At a union meeting on Thurs. May 10, teachers of The United Educators of San Francisco voted to hold another meeting; at this future meeting, discussions and votes would be held on whether or not to authorize a strike.
Over 1,880 educators attended the meeting and 97 percent of those who attended supported a future meeting, according to UESF communications director Matthew Hardy. However, the possibility of having a strike this spring is unlikely, according to Hardy.
The recent meeting was held to discuss the district's contract proposal and budget recommendations. The possibility of a strike was raised by the union in response to the district’s new budget proposal. Teachers had the opportunity to vote on whether they would want to have the union call another meeting during which a strike vote would be held. If the future meeting is held, then a minimum of 15 percent - approximately 900 out of 5,800 members - teachers would need to be in attendance to cast votes on whether or not they should authorize a strike.
The decision is then up to union officers as to whether or not educators should strike. "According to the union rules, we have two strike votes to go on strike,” Hardy said. “Before we walk the picket line, we have to hold a second vote. We hope it doesn't have to come to that, but San Francisco teachers are ready to stand up for our jobs and for our classrooms."
Authorization of a strike would mean that the union has the support of their constituents to use the threat of a strike in the contract bargaining process, according to union representative and science teacher Richard Shapiro. The decision is then up to union officers as to whether or not educators should strike. "The union constitution’s rules for actually calling a strike are difficult,” physics teacher Richard Shapiro said. “It’s a multi-stage process.”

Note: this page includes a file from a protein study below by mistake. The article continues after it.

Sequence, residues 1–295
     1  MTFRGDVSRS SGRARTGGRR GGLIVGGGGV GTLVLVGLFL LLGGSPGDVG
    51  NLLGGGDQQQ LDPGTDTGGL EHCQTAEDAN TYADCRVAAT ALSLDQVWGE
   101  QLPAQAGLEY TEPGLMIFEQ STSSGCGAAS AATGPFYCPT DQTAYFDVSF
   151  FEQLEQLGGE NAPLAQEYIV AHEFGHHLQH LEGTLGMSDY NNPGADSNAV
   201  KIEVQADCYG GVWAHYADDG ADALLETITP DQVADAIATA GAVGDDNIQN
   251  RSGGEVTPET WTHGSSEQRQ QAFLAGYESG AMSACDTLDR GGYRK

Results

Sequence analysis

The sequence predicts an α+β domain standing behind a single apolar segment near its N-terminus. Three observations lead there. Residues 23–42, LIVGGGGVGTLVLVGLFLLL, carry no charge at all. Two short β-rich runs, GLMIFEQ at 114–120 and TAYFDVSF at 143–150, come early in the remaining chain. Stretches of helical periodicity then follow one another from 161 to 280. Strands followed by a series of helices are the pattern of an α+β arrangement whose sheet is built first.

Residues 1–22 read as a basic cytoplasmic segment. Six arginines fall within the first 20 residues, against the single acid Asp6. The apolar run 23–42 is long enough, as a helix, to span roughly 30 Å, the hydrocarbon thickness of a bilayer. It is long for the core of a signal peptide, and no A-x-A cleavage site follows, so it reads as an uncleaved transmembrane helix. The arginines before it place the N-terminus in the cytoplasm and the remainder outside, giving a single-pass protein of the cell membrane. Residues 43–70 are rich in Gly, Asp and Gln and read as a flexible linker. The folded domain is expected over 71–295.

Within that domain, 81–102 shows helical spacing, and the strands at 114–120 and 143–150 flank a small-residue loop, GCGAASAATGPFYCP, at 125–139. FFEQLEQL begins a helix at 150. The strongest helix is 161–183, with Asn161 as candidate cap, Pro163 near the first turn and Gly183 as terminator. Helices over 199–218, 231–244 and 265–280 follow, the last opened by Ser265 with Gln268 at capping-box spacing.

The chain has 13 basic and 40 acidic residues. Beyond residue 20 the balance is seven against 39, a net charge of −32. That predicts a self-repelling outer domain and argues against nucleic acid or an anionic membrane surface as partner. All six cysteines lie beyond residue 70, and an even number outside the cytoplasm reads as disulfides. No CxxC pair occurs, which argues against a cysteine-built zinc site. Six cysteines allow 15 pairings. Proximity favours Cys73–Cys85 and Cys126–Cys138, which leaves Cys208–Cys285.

The threat of a strike is a tactic that has been used before. The last official union strike was in 1979 and it lasted six weeks. Since then, there have been numerous strike votes, the last one occurring six years ago, but there have been no official strikes, according to Shapiro.
In addition to cutting AP prep periods, the district is negotiating to eliminate Department Head positions, according to the UESF eNews sent to members on May 11. The new budget proposal also proposes to continue and possibly increase the furlough day program, and have proposed to cut eight days from the school calendar over the next two years, continuing the four furlough days done for the past two years, but allowing an increase to up to nine furlough days annually if there are more budget cut-backs. The district’s proposal also includes cutting special education programs and increasing kindergarten class sizes by one student per year, starting with the 2013-14 school year, up to a total of 25 students.